Learning to Read Cow Signals® – Let’s Look at Our Cows

by Marloes Leverlink, Independent Dairy Advisor / CowSignals® Trainer

All dairy farms are different. Farms have different locations, sizes, inputs and cow numbers. However the biggest difference is made by people. Their vision, skills and knowledge determine the direction and the performance of the farm as a business. The one thing we all have in common is cows. By working on our ability to read Cow Signals® we can improve outcomes for both the cow and the farmer at little or no cost. Let’s look at our cows.

Dairy cows are herd animals

From a cow’s perspective

A lot of what cows do or not do, and why, comes back to being a herd animal. Natural herd behaviour is to feed and rest at the same time (allelomimetic behaviour). Within the herd there are higher and lower ranking animals, setting the social structure. Cows look for feed, water, rest, shelter and space in a settled and stress free environment. The better we can accommodate these basics for the cow, within our own farming system, the more healthy and productive our cows will be.

From a farmer’s perspective

We tend to look after them as a herd. Especially in New Zealand where we are block calving our cows, they come up to peak production as a herd and get mated as a herd. At the end of the season we dry the whole herd off to manage a dry cow herd into their next lactation. We can do this well. But to allow us to do this better we need to keep the individual animal in view. The cows within the herd will tell us a lot about our management.

Back to what the cow is telling us

Both the herd as a whole and the individual animal give us signs or signals. This is their story. Look at what they are telling us. By learning to really ‘see’ we can observe, learn, adapt and change our management for the better.

What to watch

Risk groups

Cows should be free of pain, injury or disease. Prevent disease in the first place. Watch your risk groups and risk cows, they are your early indicators on farm that something could be going wrong. Risk groups can be your freshly calved cows, lower ranking cows, highest producers. Be observant and detect cows that are not performing early. Healthy and productive cows live longer and they provide better income and more working pleasure.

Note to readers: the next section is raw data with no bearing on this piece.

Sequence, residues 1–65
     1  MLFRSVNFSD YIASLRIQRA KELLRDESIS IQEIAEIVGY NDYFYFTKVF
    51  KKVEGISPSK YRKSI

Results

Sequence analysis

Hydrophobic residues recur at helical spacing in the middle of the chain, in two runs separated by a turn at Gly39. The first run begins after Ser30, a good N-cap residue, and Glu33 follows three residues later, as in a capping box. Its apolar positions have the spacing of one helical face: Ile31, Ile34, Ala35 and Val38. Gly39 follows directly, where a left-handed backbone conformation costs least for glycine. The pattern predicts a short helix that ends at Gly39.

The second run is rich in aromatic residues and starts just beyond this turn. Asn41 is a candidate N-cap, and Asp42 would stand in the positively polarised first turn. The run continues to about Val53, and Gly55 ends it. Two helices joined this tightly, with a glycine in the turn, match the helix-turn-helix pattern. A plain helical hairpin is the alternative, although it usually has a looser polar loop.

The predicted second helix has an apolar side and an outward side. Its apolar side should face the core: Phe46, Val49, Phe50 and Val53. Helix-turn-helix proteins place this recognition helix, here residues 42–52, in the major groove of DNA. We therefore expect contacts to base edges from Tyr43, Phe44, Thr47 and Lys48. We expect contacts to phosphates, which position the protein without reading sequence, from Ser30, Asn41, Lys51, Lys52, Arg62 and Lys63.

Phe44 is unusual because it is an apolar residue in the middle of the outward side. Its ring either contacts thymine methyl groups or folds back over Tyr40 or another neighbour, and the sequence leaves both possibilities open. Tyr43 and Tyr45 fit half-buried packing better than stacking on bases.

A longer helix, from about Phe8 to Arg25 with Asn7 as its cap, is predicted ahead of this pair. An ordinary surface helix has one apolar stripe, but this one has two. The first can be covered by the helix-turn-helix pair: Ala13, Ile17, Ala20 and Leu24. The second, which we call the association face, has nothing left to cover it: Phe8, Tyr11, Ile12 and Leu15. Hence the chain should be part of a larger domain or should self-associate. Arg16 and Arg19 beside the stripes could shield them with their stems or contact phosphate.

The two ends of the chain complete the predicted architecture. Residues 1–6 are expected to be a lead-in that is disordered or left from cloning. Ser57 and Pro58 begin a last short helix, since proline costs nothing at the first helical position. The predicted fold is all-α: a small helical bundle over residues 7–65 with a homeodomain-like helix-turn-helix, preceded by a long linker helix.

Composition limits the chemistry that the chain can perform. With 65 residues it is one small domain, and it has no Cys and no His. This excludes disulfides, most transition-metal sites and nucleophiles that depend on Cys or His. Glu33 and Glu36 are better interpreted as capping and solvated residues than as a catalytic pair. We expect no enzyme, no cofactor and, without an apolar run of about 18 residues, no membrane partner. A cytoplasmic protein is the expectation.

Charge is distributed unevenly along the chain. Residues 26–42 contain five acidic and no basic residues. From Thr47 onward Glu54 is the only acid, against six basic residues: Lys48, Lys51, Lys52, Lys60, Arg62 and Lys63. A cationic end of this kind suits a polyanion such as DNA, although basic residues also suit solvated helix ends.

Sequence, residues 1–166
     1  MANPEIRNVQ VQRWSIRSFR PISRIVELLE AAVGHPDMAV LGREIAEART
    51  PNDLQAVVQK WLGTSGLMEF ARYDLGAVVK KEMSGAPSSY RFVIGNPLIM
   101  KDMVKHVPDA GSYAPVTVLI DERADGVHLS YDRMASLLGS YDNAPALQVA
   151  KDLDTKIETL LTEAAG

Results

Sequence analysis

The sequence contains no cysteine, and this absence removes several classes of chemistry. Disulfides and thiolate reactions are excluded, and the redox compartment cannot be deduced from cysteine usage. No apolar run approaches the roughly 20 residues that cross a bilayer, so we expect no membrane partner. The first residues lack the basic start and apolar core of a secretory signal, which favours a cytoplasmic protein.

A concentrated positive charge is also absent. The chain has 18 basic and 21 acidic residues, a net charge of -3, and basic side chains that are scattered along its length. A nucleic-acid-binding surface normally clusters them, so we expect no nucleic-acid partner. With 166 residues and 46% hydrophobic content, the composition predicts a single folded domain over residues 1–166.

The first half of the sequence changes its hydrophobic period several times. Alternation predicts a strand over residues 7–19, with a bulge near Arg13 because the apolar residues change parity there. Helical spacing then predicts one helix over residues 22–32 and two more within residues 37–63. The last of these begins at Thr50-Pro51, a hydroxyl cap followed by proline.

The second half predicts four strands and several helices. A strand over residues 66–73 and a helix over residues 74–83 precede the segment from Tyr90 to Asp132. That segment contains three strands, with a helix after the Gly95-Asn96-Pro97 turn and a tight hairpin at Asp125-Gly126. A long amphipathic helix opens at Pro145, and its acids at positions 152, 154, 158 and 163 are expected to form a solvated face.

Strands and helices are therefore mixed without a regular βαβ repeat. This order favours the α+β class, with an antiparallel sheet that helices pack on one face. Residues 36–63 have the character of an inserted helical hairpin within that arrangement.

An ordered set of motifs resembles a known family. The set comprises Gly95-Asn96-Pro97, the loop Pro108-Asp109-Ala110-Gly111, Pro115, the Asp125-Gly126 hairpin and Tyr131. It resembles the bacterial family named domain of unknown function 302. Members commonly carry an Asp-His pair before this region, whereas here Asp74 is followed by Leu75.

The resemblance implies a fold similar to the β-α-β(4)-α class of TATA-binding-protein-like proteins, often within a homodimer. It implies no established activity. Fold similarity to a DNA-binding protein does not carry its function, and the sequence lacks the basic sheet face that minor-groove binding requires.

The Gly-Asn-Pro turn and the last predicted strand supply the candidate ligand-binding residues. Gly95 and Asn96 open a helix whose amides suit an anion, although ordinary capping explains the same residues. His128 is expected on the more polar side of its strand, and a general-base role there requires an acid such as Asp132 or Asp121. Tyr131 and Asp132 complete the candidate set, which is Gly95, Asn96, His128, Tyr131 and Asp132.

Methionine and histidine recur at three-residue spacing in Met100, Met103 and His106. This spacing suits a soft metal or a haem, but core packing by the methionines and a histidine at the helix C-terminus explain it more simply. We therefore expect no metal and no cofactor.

Waiting cows

Waiting cows are the cows standing around appearing not to be doing much. Cows waiting, or queuing, for water or feed. Cows standing being hot, looking for shade. Cows not lying down and ruminating, while they should be resting after feeding. These are all waiting cows. If there are cows waiting, standing around, we need to ask the question “Why”? These cows are your indicator cows. What can we do to enable them be more productive?!

Basics for the cow


A cow consists of 50-80% water. All physiological processes within a cow to make her function require water. Water requirement increases with higher milk production levels and at higher temperatures. Thirsty cows eat less. Cows want:

  • Clean and tasty water: Would you drink it?
  • Access to water. Good flow. More than one trough in the paddock for every grazing. More than one trough on the feed pad and per group in the barn. Consider additional troughs at the dairy shed, and on lanes.


Apart from water cows need feed. The first question is, “Does my herd have enough total Dry Matter Intake?” Next is to understand the balance of energy, protein, fibre, vitamins and minerals. Some of the visual checks around feeding include:

  • Rumen fill – an indicator of how well the cows have eaten today.
  • Belly fill – an indication of how well the cows have eaten in the last week.
  • Body Condition Score – an indication of how well the cows have eaten in the last month.
  • Manure – an indication of how well the cows are digesting the feeds we feed them.
  • Rumination – an indication of how healthy the rumen is.
  • Access to feed – feed quantity, feed space and feed barrier/trough design.
  • Feed quality – pasture budget and feed test information.
  • Milk production data – an indicator of how consistent and well balanced the feeding is.


Cows will show priority behaviour when it comes to resting. For example, when deprived of lying time and feed, cows will lie down before they have filled themselves up on feed. Rest considerations include:

  • Cow need a soft and dry place to lie.
  • Maximise resting time:
    • Minimise time on lanes and in yards.
    • On a concrete feed pad, cows should only be there to feed, then leave to rest.
  • Weather affects resting time: heat stress and rain.
  • Lameness scoring.
  • Housed cows need space: in free stall AND in loose housed systems.
  • In any off-paddock system: check lying comfort in lying area and assess cows for dirtiness and lying sores related to bruising.

Looking at water, feed and rest are the first steps to understanding Cow Signals®. Observe cows with purpose in order to be able to ‘see’ what the cows are communicating. Don’t necessarily accept what you see every day as normal, and therefore the way it should be. Keep asking yourself questions. Keep asking others questions: your vet, your advisor, your team member, your neighbour. Together we learn. We pick up on the signs and signals cows give us. If there is room for improvement in your management, make a plan. And if anything needs immediate attention, take action.


  • Observation is having attention to detail.
  • Asking questions is growing your knowledge.
  • And acting on what you see and what you have learnt is farming with vision.

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